I had performances in school. I love to entertain people. Not wanting to be like my dad, it had nothing to do with my dad. At this point it’s about me and what I want to do.

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What did your mother do?

She worked at the public radio.

You have siblings?

I have two brothers, one older and one younger.

What do they do?

My older brother is in sales. It’s hard to describe what he does. My younger brother is into acting.

It seems like you’re about to be in a family dynasty of actors.

I know! I’m just taking it one day at a time.

Why did you leave the industry?

I need to do other things, to try new things. I left it at the top of my career, though.

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Were you unhappy? 

My leaving fashion to study and travel had nothing to do with the industry, it was all me.

Were you unhappy with yourself?

No, I wasn’t unhappy. I just needed to move on, to try other things.

When do you have the time to study?

Well, I study online and I use the iPad for my courses. It’s a great tool for that. I am on my own when I study but I have tasks to do for my courses.

What is a typical day like?

I don’t know how I do it, to tell you the truth. I just make it work.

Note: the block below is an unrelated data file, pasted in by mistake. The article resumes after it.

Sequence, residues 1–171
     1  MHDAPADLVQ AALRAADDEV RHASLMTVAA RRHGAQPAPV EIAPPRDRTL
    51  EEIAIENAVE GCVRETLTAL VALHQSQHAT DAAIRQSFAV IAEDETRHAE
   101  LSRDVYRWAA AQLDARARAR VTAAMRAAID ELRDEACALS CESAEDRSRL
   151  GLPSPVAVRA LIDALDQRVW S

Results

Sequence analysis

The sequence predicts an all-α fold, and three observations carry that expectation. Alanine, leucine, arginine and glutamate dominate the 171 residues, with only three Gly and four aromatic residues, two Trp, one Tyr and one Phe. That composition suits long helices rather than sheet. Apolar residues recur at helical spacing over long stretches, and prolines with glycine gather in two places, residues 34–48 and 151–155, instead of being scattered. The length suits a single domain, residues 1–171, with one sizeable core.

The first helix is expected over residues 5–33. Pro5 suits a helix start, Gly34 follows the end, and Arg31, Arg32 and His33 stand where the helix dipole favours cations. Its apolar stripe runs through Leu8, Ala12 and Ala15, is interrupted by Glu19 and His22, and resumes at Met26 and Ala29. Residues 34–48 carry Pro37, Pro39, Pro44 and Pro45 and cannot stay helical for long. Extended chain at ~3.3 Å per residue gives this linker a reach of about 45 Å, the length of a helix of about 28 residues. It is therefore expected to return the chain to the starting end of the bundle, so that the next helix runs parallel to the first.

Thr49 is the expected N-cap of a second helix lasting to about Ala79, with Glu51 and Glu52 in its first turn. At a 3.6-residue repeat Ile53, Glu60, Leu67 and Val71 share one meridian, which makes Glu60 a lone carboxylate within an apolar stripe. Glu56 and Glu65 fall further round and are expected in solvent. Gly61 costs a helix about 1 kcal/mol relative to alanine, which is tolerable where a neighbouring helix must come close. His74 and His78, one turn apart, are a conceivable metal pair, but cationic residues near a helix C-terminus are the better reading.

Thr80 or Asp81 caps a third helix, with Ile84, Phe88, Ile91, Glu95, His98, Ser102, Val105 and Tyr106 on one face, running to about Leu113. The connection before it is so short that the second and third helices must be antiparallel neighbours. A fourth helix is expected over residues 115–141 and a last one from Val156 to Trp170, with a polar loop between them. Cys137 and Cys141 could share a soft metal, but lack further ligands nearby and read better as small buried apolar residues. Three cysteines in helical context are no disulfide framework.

What would you like to see happen by re-entering the industry?

I’m not trying to create expectations. I’m just taking it day by day, step by step. I am just trying to be of service and to work.

What changes have you noticed since you’ve been back?

The economy has changed and there are new girls all the time.

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Can you talk about the BLK Denim project you’re working on?

I can’t get into details, but I have known Johan Lindberg for a long time. I did the campaign for J Lindberg earlier in my career and he’s a friend from way back. He started this new label called BLK Denim and I’ve been helping him from scratch. Awhile back, I was back in Stockholm waiting for my visa. Winters are dark and cold in Sweden. I was bored so I started knitting and after a while I started to wear what I made. I wore it all winter and people were commenting on it and were interested. After all the positive feedback, I thought I should do something about it so people can buy it. I was working with Johan again and I mentioned it and he was really into it. It’s amazing how it happened by accident. 

When did you learn how to knit? Was it in childhood?

I love knitting, it’s so meditative! I guess it’s from childhood. My grandmother used to knit.

What else do you make by hand? Jewelry?

No, I like jewelry; but no. It’s something I’d like to do. There’s so many things I’d like to do! There are so many ideas in my head! 

Whenver we encounter Swedish people we always imagine they’re from the countryside running around with reindeer!

My brother is actually a reindeer! [Laughs]